BBC facing defamation claims over false ‘orgasm cult’ podcast allegations
A High Court hearing is scheduled for tomorrow involving Nicole Daedone, a relatively well-known American relationships expert motivational speaker and originator of the so-called Orgasmic Meditation practice known as “OM”, together with former OneTaste sales director Rachel Cherwitz and OneTaste Inc itself.
They will seek to persuade the High Court to exercise its discretion and allow their libel claims against the BBC to continue alongside other existing defamation claims, even though the three of them brought their claim outside the one year deadline.
The claim against the BBC was originally filed in November 2021 by the Institute of OM, a related organisation formed to advance the practice of OM.
This interim hearing is scheduled to determine whether Daedone and Cherwitz, along with OneTaste, can claim for the personal reputational damage they have endured, arising from defamation in this jurisdiction, though outside of the one year limitation which would otherwise shut out their defamation cases.
Their claims for misuse of their private information and unlawful processing of their personal data continue and are unaffected by this hearing.
The claims arise from a BBC podcast entitled “The Orgasm Cult,” which aired in November 2020. This 10-part series purported to introduce listeners to OneTaste, which is a women’s wellness education company, founded by Daedone in the mid 2000s, to promote the practice of OM.
However, the trio claim the podcast saw the BBC introduce a series of distressing, false and fully refutable allegations, some loosely based on other false allegations originally published by Ellen Huet of Bloomberg Businessweek almost four years ago.
“The BBC’s coverage appeared to have been crafted to titillate and shock, and was not an accurate and editorially sound portrayal of the company and community of OneTaste, organised around the practice of OM, which operated within strict and safe boundaries among consenting adults,” a statement read today.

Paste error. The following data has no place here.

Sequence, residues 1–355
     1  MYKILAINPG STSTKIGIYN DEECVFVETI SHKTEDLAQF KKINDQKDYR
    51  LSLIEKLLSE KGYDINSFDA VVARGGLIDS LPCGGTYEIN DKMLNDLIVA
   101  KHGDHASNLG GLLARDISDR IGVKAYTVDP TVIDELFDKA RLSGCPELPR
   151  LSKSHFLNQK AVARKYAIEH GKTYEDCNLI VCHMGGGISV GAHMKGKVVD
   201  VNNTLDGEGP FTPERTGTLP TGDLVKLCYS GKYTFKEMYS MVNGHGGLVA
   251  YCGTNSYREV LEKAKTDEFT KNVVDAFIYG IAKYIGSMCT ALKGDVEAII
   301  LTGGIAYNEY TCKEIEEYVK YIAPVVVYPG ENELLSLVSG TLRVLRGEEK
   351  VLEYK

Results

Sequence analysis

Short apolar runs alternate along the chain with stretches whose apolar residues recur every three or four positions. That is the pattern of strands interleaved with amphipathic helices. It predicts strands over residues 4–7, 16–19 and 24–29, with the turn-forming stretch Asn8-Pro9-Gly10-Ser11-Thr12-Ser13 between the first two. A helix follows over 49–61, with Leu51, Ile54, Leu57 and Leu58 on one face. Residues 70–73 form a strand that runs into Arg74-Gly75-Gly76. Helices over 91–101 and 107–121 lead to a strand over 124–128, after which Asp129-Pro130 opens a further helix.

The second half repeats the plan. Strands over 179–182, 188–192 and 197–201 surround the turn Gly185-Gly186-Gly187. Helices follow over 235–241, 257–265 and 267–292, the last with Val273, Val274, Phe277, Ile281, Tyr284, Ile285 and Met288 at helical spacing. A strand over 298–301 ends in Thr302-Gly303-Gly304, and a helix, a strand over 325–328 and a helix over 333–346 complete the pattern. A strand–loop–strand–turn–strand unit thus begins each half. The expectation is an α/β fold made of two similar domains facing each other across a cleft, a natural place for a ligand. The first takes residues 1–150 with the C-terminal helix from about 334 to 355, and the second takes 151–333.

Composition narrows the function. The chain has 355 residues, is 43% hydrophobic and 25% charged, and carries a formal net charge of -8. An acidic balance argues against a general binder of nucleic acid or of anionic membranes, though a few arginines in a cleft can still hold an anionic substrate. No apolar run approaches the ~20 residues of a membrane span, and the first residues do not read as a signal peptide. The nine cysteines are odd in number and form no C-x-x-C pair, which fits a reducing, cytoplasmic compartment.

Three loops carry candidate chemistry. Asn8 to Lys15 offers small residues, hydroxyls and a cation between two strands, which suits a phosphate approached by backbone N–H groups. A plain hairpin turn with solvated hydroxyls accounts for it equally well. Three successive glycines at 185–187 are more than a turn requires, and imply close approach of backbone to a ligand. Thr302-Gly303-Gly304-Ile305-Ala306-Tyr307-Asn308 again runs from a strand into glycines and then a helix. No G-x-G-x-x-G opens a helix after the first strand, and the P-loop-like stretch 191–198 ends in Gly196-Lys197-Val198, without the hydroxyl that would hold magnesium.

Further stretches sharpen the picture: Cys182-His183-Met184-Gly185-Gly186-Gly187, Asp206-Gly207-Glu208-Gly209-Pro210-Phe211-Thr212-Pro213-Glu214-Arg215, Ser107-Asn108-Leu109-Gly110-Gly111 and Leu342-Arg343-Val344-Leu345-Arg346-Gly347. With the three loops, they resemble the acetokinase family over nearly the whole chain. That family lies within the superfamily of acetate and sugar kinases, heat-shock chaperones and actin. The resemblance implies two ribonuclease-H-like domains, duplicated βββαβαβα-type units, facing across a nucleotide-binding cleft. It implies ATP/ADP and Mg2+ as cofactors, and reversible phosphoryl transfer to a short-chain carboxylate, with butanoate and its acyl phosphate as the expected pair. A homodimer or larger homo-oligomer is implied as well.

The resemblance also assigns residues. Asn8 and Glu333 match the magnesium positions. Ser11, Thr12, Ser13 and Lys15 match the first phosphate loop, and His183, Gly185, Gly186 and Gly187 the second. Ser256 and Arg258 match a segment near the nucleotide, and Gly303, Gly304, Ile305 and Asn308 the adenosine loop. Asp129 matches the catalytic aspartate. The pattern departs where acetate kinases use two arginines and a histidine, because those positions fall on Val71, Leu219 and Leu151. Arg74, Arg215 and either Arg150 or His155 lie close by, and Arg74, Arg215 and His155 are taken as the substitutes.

“The BBC’s depiction of the company’s ethos and policies is far removed from the reality of the community of over 16,000 people who have learned the OM practice, and another 35,000 people who came through the doors of OneTaste over the period of its operation,” according to the release sent to City A.M.
“OneTaste has thoroughly investigated the appalling allegations of abusive practices and interviewed dozens of practitioners and former OneTaste staff members. The investigation has confirmed that the allegations are false.”
The BBC has since been directly informed of the falsities and misrepresentations in its own output, and has been sent evidence which contradicts the allegations, yet it continues to publish access to the misleading podcast, the trio said.
Founder Nicole Daedone said: “The truth should matter to the BBC. I always recognised that the very nature of our pioneering work made us vulnerable to attack by those who would choose to misrepresent it. Still, I firmly believe in freedom of expression, and I loathe the very idea of bringing defamation proceedings.”
She added: “However, when an influential broadcaster such as the BBC, with its unparalleled international reach and repute, continues to publish serious allegations even after being presented with voluminous evidence that they are false, we have a responsibility to mount a formal challenge.”